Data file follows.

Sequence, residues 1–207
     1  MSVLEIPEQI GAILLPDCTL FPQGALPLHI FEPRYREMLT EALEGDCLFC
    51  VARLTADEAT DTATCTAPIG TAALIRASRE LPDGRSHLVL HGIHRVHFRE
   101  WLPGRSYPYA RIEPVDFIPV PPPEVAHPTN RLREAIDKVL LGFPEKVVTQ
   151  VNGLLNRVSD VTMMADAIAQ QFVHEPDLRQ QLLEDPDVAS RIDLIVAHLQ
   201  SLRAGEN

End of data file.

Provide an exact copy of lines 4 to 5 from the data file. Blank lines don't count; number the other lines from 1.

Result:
   101  WLPGRSYPYA RIEPVDFIPV PPPEVAHPTN RLREAIDKVL LGFPEKVVTQ
   151  VNGLLNRVSD VTMMADAIAQ QFVHEPDLRQ QLLEDPDVAS RIDLIVAHLQ